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Anthropology 201, Ch. 4 Notes

by: Shawnie Ramey

Anthropology 201, Ch. 4 Notes ANTH 201-Intro to Cultural Anthropology

Shawnie Ramey
Western Washington University

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About this Document

These notes are typed in Cornell format. The chapter covers language and how it is different around the world as well as how it effects the people of the world.
Anthropology 201
Kathleen M. Saunders
Class Notes
Introduction to Cultural Anthropology, Language, Linguistics
25 ?




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This 4 page Class Notes was uploaded by Shawnie Ramey on Friday October 14, 2016. The Class Notes belongs to ANTH 201-Intro to Cultural Anthropology at Western Washington University taught by Kathleen M. Saunders in Summer 2016. Since its upload, it has received 3 views. For similar materials see Anthropology 201 in Anthropology at Western Washington University.

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Date Created: 10/14/16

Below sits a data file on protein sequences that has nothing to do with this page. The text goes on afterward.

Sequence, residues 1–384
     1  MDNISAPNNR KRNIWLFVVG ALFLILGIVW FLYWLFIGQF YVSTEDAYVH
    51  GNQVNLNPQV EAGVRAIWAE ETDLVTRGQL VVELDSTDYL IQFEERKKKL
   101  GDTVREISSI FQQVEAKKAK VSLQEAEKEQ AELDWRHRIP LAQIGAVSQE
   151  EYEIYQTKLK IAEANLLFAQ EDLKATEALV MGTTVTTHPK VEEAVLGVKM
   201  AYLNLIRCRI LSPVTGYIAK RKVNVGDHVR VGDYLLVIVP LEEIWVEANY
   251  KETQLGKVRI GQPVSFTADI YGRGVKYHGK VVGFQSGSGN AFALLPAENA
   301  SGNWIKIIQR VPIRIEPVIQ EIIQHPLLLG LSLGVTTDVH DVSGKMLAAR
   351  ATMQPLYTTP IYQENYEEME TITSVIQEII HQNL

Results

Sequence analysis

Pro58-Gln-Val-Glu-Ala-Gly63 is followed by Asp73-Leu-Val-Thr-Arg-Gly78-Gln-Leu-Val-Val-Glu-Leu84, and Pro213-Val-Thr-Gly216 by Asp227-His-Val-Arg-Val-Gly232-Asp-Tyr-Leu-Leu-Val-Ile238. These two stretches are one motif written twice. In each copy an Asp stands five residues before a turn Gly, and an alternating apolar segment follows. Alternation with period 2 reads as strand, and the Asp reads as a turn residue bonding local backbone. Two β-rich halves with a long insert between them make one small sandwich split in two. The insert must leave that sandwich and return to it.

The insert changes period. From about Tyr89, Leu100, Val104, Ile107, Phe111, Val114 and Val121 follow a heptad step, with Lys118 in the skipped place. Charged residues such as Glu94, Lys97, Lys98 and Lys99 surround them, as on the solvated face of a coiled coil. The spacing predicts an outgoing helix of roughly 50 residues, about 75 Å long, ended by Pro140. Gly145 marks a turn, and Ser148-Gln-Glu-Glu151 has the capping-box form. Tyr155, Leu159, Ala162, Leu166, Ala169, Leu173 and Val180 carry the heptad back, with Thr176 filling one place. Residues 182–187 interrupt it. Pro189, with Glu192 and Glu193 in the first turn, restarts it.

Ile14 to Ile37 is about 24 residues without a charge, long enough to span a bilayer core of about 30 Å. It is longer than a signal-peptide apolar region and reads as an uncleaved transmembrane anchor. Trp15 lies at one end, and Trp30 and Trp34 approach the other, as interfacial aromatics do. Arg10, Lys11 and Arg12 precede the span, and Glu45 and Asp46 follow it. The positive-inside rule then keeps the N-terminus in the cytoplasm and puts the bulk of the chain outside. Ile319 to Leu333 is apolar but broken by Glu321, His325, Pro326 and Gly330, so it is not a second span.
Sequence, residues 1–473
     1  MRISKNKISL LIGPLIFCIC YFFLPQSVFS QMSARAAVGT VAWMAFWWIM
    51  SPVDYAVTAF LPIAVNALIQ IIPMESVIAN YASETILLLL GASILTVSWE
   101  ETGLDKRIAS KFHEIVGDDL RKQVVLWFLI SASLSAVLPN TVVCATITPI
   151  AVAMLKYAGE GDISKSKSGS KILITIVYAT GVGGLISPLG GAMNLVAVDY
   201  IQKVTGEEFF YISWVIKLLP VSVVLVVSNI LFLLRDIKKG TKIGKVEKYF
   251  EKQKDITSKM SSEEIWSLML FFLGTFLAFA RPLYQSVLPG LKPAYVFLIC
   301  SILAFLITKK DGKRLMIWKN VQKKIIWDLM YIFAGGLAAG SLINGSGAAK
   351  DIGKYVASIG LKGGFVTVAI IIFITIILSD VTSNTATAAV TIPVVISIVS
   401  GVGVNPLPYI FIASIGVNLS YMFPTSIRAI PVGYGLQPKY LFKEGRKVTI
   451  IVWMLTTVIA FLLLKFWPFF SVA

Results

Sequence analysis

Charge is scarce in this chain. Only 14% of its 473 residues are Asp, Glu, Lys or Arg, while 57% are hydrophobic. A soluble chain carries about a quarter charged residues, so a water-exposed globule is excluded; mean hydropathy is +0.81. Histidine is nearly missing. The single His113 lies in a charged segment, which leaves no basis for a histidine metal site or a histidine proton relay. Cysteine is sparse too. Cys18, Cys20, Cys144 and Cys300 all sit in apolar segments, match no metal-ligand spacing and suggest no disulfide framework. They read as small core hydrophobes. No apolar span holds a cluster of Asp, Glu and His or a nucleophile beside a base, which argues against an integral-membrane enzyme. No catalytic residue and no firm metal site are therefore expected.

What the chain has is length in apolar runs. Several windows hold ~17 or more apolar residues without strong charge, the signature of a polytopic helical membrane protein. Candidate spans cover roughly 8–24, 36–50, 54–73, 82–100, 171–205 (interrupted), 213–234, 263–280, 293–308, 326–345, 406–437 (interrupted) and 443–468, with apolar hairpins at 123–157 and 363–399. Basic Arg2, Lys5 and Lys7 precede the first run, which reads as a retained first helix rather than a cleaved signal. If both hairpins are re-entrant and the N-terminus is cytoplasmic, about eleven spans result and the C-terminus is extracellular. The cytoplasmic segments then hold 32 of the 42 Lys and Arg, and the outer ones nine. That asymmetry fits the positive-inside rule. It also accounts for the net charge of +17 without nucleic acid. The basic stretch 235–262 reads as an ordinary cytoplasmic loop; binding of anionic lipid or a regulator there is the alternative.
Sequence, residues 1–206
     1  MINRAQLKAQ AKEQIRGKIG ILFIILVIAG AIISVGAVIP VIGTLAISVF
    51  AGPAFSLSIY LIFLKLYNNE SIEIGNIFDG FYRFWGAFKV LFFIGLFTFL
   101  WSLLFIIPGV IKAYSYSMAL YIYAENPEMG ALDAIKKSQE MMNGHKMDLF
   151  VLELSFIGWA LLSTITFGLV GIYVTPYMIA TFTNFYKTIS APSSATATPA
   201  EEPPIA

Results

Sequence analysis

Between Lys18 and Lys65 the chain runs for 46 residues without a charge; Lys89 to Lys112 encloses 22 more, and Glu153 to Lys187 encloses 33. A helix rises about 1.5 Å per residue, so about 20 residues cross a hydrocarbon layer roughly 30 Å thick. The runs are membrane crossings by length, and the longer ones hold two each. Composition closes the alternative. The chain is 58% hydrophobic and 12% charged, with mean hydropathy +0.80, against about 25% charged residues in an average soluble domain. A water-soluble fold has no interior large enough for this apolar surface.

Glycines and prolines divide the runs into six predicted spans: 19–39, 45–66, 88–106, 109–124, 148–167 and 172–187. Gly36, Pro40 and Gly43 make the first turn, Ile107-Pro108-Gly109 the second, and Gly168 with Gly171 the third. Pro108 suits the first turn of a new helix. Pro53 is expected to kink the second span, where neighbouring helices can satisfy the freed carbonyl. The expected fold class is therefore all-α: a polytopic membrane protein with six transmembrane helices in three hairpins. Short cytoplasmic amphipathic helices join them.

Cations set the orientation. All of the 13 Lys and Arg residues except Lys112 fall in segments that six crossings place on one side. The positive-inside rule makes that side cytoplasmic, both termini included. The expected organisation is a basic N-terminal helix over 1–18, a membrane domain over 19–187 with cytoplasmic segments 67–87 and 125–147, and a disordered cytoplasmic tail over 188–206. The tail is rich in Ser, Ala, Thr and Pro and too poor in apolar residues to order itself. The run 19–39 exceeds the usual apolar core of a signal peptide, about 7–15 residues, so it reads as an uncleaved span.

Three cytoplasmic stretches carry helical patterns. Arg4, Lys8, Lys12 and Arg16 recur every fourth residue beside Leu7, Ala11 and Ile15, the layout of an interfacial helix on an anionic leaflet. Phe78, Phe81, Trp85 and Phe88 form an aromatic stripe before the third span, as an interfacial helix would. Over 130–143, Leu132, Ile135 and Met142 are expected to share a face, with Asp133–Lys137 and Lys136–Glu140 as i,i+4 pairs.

Subject: Anthropology 201 CH.4 Date: Current Topic: Language 10/05/16 Questions Terms Definitions/Answers Important Questions/ Cues: Notes: Where does Language: A system of communicating that consists of sounds, language come words, and grammar. from? Evolutionary Perspective on Language:  Two Bio Abilities: 1. Ability to make linguistic sound using the mouth and the larynx. 2. Ability to reproduce these sounds to convey thoughts. Call System: Patterned sounds or utterances that express meanings. 4 Reasons Why Call Systems Aren’t Languages: 1. Animal call systems are limited to what and how much they can communicate. 2. Call systems are stimuli dependant, which means an animal can only communicate in response to a real- world stimulus. 3. Call systems tend to be nearly the same within a species with only minor difference between call systems widely used in separated regions. 4. Among animals, each call is distinct, and these calls are never combined to produce a call with a different meaning. How does Philology: Comparative study of ancient texts and documents. language actually  Jakob Grimm: Observed that there were regular work? patterned differences from 1 europeans language to another. He hypothesized that they all had 1 common ancestor. Grimm's Law: As speakers of 1 language move apart from each other, the consonants in that language shift. Proto Language: A hypothetical common ancestral language of 2 or more living languages. Cognate Words: Words in 2 languages that show the same systematic sound shifts. Ferdinand De Saussure: Suggested a distinction between the structure of a language, and how people actually speak it. Useful because it helps us realize that the rules we use to form words as native speakers, differs from how we actually speak. Descriptive Linguistics: The systematic analysis and description of a language's sound system and grammar. Phonology: The structure of speech sounds. Morphology: How words are formed into meaningful units. Syntax: Pattern of word order used to form sentences and longer utterances in a language. Stops: Sounds that are formed by closing off and reopening the oral cavity so that it stops the airflow through the mouth. Dialects: Regional or social varieties of 1 language. Intonation: The pattern of rising and falling pitch. Tenses: Past, Present, Future. Pronouns: 1st ,2nd, and 3rd person. Sociolinguistics: Study of how sociocultural context and norms shape language use on society.  Meaning emerges from conversation and social interactions, not the formal, underlying rules of language. Signs: Words or objects that stand for something else. Most basic way to convey meaning. Symbols: More elaborate form of signs. When a sign becomes a symbol, it takes on a much wider range of meanings.  Sherry Ortner described 3 types of symbols:  Summarizing: Sum up a variety of meanings.  American flag = ‘Merica, democracy, hard work, and freedom.  Elaborating: Explaining and clarifying complex relationships through a single/set of symbols.  Key Scenarios: Implies how people should act. Metaphors: Implicit comparisons of words or things that emphasize the similarities between them. Do people Sapir-Whorf Hypothesis: Language inclines its speakers to think speaking different about the world in certain way because of its specific grammatical languages categories. experience daily Linguistic Relativity: People speaking different languages life differently? perceive/interpret the world differently because of differences in language. Assertion Categories: 1. Statements that report fact a. He is running. 2. Declaration of an expectation. . He is going to eat. 3. Statements of some general truth. . Rain comes from clouds. How can Ethnoscience: The study of how people classify things in the languages be so world. dynamic and  Berlin and Kay studied color terms of over 100 stable at the same languages. They found that basic color terms are time? consistent across languages.  We have no way of knowing for sure what our cognitive processes are involved when we distinguish different sets of pronouns.  Some ways of thinking are guided by the languages we use while others are not. Creole Language: A language of mixed origin that has developed from a complex blending of 2 parent languages that exist as a mother tongue for some part of the population. Pidgin Languages: A mixed language with a simplified grammar, typically borrowing its vocab from one language and its grammar from another. How does National Language Policies: Different countries have tried to language relate to control language change through the creation of national social power and language policies. inequality?  Netherlands: Dutch linguist’s recommended spelling changes to keep up with changing language. Queen Wilhelmina and Queen Julianna issued royal decrees to do so.  French: Restricted english words from formal documents. Tried to preserve traditional french.  Preservation of language and culture are correlated  Many indigenous groups are facing “language death”  3,000 languages are endangered  1970’s: Bureau of indian affairs prohibited children to speak native language. Language Ideology: Widespread assumption that people make about relative sophistication and status of particular dialects and languages.  Lakoff: Social effects of speaking n this way can marginalize women’s voices in contexts of courtrooms, or workplaces.  People of Indonesian Island, Java, are the most status conscious people.  Ngoko(informal), Madhya(Intermediate), and Karya(polite)  Every sentence marks social status